Research and Development
Research is a fundamental component of good forest management. Science-based decision making should be at the forefront when considering forest practices and the best way in which to manage forest values.
VicForests acknowledges that research is an integral component for developing successful conservation outcomes, while also taking into account the social and economic needs associated with forest management.
VicForests has a responsibility to add to the existing knowledge pool, either through contribution to research programs run by other organisations, or by undertaking its own programs.
Development of a threatened fauna management framework across Victoria's state forests (Powell and Sedunary 2013)
This paper is a review of VicForests pre-harvest fauna survey process and targeted monitoring projects, outlining the results and survey effort undertaken over the past year, and how this process has contributed to the conservation of a range of threatened species across eastern Victoria.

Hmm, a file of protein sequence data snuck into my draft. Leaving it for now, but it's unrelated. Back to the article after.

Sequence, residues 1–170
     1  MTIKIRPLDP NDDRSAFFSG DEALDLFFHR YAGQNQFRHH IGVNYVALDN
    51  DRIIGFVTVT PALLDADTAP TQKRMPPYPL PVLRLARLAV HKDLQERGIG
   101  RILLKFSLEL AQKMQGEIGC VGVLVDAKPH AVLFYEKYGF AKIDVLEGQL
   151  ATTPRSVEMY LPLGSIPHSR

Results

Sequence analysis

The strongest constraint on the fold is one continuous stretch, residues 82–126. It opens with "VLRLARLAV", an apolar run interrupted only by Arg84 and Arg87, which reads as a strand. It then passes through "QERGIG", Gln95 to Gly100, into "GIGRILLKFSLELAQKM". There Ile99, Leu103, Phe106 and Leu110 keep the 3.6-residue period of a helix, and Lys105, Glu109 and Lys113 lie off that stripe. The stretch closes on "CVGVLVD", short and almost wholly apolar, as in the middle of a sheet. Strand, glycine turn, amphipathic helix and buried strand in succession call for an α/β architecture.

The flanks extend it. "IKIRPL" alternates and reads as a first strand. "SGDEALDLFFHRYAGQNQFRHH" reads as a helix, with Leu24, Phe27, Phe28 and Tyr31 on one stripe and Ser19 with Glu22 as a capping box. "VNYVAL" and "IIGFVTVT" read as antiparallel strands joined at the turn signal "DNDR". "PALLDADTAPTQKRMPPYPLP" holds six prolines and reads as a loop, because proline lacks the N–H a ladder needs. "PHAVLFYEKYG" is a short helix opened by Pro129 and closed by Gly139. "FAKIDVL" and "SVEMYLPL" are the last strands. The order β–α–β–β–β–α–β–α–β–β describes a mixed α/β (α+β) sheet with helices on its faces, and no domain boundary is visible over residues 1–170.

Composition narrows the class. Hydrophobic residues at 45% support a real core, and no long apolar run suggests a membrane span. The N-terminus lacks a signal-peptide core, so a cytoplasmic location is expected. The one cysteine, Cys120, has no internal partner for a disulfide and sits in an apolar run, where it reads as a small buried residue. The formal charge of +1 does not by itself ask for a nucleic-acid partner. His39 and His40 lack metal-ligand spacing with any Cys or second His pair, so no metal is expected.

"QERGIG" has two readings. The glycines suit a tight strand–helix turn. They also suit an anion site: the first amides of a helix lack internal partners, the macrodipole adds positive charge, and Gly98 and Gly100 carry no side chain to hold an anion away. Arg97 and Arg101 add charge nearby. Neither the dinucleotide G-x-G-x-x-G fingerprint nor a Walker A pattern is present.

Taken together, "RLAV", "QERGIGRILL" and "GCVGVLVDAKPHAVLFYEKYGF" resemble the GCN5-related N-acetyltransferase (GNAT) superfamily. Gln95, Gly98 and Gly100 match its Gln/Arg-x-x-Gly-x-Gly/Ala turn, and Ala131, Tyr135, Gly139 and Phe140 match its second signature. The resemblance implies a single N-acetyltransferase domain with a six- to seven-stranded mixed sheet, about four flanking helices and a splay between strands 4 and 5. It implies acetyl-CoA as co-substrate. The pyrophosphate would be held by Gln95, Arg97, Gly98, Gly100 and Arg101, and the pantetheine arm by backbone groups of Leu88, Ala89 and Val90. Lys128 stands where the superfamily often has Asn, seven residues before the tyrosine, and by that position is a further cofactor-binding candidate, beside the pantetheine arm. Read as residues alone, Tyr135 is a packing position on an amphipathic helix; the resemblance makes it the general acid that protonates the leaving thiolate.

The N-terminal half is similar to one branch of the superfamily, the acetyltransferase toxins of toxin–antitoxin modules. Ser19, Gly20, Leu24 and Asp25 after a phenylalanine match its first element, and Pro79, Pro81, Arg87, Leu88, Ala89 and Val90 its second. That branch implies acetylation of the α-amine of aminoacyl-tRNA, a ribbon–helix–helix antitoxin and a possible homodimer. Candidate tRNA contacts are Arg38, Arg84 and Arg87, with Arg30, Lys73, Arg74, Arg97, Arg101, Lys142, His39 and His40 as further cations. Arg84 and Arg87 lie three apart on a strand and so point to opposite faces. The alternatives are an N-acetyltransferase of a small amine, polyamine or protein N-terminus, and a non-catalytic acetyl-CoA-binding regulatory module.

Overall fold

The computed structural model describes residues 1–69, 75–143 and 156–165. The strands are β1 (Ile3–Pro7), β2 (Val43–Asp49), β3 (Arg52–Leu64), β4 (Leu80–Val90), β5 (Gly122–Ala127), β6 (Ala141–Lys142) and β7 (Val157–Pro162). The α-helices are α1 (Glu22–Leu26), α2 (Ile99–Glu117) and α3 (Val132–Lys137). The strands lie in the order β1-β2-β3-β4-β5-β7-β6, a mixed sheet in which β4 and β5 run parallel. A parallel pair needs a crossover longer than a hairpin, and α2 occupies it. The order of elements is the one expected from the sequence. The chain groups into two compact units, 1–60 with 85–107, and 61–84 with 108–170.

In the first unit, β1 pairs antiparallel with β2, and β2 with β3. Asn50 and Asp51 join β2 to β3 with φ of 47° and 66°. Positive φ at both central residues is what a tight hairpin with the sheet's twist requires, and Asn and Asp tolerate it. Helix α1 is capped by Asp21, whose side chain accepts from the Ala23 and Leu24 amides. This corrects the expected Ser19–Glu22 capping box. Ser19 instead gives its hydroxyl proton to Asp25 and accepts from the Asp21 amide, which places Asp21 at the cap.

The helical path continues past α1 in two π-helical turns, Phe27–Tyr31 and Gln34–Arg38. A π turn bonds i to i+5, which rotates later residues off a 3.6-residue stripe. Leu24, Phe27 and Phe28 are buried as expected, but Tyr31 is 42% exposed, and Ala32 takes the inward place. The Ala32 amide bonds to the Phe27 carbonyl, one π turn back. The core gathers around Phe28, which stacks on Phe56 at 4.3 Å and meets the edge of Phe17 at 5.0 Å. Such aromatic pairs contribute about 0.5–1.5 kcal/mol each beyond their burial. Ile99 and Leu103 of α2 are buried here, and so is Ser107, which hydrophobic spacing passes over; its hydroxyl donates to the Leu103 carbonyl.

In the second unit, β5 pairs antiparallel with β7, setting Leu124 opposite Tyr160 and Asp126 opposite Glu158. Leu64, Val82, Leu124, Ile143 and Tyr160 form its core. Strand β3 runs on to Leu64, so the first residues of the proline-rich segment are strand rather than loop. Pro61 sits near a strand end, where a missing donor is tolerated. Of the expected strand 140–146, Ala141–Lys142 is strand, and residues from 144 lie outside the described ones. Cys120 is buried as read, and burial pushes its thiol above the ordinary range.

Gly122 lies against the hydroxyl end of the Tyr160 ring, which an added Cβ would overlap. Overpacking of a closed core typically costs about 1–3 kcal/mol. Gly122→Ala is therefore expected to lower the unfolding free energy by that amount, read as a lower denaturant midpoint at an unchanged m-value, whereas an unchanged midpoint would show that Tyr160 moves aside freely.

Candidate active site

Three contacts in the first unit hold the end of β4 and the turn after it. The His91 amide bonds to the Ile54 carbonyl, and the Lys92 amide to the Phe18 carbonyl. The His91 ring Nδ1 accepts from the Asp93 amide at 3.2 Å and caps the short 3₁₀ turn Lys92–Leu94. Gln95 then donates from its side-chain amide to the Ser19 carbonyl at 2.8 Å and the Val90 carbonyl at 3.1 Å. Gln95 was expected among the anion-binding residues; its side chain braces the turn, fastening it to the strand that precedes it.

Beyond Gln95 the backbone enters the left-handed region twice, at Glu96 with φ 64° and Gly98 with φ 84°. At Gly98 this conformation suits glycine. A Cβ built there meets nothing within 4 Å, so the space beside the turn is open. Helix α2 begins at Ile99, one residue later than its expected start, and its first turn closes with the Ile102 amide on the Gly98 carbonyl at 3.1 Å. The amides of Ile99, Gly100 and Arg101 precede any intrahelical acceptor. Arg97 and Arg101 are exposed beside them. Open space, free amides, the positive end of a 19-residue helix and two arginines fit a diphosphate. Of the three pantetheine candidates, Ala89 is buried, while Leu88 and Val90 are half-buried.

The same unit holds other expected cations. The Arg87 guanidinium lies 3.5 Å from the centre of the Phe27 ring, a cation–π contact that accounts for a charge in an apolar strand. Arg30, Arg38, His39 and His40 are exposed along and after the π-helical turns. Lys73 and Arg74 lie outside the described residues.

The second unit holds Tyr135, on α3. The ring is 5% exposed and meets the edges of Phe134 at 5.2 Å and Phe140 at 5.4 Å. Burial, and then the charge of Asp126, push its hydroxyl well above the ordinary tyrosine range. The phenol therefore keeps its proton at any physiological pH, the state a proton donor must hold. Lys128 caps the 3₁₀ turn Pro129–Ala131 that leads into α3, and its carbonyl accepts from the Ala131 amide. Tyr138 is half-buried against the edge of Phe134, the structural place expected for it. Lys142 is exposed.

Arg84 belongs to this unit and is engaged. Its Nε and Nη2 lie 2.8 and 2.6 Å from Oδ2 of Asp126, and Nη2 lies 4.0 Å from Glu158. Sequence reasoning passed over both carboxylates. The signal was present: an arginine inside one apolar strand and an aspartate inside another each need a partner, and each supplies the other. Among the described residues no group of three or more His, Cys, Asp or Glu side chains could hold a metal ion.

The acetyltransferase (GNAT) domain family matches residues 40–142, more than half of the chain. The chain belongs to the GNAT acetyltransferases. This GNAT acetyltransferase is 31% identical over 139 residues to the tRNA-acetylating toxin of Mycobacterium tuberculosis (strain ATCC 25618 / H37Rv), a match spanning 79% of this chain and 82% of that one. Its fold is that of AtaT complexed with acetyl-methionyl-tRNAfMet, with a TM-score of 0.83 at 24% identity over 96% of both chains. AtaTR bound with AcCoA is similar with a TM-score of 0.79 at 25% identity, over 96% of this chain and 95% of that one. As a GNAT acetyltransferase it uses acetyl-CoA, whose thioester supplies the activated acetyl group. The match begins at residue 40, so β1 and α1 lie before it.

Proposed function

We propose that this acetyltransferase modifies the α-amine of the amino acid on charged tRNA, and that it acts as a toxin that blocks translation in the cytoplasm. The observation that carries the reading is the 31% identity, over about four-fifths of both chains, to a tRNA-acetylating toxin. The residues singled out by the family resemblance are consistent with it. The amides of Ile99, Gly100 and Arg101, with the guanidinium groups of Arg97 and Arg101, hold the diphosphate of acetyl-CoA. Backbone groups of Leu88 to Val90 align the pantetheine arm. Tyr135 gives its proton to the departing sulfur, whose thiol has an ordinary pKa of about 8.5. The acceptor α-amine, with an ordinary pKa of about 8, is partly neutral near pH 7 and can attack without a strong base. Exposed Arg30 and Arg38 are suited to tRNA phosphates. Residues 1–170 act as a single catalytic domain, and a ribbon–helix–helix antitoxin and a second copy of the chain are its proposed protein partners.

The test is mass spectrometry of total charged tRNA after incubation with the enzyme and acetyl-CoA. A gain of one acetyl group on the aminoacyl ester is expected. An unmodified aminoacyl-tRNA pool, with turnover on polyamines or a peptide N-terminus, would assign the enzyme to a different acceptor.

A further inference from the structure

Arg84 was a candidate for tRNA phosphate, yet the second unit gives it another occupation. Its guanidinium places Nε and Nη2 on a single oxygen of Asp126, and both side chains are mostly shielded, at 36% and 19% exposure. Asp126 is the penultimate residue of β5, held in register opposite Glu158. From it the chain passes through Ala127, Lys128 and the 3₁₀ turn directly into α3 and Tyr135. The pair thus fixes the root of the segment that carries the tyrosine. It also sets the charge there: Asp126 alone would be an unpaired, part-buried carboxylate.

This review also considers potential improvements to the framework that may drive further development in the future. This information is relevant to all forest management agencies that are faced with the delicate task of balancing the management of multiple forest uses with forest biodiversity conservation.
Timber harvesting does not increase fire risk and severity in wet eucalypt forests of southern Australia (P.M. Attiwill, M.F. Ryan, N. Burrows, N.P. Cheney, L. McCaw, M. Neyland, & S. Read, 2013)
New research by some of Australia’s leading fire scientists reject suggestions that timber harvesting is making Victoria’s forests more fire-prone.
This research paper brings together new evidence and specialised knowledge from some of Australia’s best fire scientists.This research shows recent major bushfires did not burn anymore intensely in forests where timber harvesting takes place than they did in National Parks and reserves where there is no harvesting.